Can I get m68k gcc to generate 16-bit variable references?
Mon Sep 22 23:46:00 GMT 2003

I'm using gcc to compile some embedded C code (m68k-elf, unless someone
has any other suggestion), and I'm trying to avoid the code bloat cuased
by using 32-bit absolute addresses for all static variables.

I'd like to generate either offsets off a base register or use the m68k
absolute short (_variable:w) addressing mode.

Ideally, I could choose (on the command line) one of the three as the
default and use an attribute on a variable to select the other.

That is, I could have three kinds of "static" variables:

- Per-process globals, based on (%a5) (up to 64K).  The asm output
  for a reference to "foo" should look like "_foo-a5$base(%a5)",
  with the run-time to initialize %a5 to hold a5$base 
- System-wide globals using the absolute short addressing mode (careful
  linking required to get the right segment in the first or last 32K of
  memory, of course).
- Big system-wide globals using 32-bit absolute addresses.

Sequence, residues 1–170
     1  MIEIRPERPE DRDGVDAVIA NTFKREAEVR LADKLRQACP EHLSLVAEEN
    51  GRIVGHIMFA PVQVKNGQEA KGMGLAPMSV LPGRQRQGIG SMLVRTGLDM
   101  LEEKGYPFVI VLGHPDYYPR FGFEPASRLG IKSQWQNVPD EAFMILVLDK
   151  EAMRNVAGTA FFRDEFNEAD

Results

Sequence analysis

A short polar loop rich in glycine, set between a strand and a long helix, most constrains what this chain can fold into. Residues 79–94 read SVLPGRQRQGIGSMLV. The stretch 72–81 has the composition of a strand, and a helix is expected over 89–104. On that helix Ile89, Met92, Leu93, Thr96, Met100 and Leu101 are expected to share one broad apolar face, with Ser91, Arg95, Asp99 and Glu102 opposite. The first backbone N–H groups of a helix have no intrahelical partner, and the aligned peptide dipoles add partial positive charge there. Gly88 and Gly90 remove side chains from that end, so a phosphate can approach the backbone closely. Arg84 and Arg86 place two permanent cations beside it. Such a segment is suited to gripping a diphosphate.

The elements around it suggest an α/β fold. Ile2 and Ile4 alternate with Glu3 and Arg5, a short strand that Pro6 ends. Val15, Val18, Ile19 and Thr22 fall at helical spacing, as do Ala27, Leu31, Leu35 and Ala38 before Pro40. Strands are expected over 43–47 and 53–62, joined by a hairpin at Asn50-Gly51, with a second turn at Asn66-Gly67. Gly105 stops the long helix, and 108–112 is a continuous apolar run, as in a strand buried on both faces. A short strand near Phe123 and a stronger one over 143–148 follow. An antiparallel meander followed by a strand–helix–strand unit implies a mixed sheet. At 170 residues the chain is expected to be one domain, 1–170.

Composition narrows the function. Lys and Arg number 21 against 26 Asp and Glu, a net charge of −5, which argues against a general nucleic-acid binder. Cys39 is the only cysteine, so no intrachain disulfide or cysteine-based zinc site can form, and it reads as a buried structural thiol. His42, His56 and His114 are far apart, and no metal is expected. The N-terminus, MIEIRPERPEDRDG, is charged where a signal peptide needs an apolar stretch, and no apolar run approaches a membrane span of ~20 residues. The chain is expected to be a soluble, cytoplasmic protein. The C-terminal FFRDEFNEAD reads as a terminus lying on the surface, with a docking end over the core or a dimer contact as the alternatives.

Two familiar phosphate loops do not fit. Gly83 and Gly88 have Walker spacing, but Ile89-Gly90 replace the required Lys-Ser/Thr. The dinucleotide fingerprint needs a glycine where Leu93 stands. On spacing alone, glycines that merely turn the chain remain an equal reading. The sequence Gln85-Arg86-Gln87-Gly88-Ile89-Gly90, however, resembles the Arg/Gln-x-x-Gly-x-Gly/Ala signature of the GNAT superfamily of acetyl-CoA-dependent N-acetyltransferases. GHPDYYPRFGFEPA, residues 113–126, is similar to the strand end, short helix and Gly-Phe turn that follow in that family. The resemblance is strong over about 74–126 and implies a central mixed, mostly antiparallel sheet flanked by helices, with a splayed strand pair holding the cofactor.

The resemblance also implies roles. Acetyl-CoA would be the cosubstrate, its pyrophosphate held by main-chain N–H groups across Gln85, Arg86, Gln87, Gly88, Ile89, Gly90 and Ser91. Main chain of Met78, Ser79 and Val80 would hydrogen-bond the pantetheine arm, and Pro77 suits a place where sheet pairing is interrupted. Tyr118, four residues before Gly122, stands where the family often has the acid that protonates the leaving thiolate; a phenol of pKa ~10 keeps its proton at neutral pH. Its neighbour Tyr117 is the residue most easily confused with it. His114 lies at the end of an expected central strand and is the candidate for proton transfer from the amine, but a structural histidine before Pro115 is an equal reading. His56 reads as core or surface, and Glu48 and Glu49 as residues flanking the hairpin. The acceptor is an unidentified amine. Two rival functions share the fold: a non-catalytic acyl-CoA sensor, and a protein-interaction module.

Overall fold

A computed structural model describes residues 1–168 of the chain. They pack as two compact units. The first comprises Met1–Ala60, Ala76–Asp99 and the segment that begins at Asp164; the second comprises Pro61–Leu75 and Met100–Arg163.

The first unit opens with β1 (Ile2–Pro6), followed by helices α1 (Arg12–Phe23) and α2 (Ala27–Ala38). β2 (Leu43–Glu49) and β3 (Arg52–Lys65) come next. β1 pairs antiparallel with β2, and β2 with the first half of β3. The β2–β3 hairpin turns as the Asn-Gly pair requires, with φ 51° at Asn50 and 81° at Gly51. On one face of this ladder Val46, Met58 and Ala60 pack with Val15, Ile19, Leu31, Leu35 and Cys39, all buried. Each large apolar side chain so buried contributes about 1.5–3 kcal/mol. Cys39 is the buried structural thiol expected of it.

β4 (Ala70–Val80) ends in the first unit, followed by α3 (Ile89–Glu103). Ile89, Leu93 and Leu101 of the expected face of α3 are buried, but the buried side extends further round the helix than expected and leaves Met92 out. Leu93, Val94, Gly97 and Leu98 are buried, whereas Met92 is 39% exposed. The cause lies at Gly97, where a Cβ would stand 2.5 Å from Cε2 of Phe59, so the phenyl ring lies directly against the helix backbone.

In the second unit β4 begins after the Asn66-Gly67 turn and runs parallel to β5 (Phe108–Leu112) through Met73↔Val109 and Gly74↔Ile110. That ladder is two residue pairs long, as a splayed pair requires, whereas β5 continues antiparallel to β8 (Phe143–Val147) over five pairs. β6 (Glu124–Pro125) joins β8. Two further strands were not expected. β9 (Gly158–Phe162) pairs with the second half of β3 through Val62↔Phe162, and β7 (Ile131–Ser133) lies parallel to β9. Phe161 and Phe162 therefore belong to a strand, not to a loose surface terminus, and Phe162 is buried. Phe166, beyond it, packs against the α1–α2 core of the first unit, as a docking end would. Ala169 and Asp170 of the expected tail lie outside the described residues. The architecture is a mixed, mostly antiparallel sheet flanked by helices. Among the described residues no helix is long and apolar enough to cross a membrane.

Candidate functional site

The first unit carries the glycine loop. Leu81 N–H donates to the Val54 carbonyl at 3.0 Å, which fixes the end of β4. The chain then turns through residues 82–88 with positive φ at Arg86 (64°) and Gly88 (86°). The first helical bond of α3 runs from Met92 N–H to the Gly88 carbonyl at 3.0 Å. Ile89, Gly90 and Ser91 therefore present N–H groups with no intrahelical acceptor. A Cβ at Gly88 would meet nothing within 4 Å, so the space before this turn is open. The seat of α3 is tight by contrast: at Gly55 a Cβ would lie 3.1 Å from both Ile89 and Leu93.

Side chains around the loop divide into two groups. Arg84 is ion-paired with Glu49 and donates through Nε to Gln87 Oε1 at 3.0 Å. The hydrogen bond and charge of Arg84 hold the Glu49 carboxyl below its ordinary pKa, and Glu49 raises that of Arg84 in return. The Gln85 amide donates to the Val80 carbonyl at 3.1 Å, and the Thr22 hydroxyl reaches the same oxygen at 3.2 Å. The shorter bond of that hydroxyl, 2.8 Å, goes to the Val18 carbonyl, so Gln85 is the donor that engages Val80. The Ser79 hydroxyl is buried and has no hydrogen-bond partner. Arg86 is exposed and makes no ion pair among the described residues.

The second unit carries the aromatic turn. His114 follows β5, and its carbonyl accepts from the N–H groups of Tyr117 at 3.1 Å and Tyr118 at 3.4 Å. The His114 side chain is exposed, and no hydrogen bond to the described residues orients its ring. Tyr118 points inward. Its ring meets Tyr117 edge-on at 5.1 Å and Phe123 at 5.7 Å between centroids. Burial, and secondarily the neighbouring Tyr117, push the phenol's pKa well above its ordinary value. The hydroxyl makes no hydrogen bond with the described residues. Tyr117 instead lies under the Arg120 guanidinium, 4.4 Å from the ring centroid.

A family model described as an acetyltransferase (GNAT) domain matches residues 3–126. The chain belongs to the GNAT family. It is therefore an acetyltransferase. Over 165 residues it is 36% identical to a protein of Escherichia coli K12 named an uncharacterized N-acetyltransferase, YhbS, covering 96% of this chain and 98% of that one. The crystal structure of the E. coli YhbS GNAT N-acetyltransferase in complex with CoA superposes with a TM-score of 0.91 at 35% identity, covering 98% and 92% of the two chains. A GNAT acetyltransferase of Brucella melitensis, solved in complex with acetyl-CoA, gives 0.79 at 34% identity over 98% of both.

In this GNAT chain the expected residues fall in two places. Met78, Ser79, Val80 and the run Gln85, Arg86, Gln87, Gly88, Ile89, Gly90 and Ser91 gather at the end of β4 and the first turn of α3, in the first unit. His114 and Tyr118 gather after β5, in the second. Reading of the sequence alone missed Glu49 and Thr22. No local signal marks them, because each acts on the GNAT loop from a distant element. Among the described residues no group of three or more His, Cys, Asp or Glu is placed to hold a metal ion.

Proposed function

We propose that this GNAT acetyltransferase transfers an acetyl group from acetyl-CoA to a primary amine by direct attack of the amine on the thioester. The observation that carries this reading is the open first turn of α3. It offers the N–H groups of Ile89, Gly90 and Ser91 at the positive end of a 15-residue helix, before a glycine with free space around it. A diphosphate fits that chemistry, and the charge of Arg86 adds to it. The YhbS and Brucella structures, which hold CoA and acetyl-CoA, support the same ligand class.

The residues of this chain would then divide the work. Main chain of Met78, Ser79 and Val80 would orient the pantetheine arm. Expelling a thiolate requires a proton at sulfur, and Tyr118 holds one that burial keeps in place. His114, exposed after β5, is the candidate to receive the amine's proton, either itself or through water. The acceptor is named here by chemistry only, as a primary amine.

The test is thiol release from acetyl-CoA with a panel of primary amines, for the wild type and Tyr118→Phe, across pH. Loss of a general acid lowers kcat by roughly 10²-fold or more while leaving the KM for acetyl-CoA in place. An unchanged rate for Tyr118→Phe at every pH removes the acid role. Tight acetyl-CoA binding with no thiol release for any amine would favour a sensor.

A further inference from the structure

-fpic generates a table of pointers to objects which can be accessed
off %a5, but doesn't put the objects themselves there.

I suppose as long as I'm wishing, I'd also like a PC-realtive attribute
which, combined with putting the variable in the code section, could be
used for short references to const data.

For really small applications, I could just do hacks with structures, e.g.

	struct lowmem { int foo; /*...*/ };
	#define lowmem (*(struct lowmem *)1024)
	int count_foo(void) { return; }

but that really distorts the code.  I'd like to be able to declare static
variables in functions and have the linker assign addresses automatically.

Surely I'm not the first person to want this.  Has anyone implemented
anything similar?  Can anyone point me to where to hack it in?


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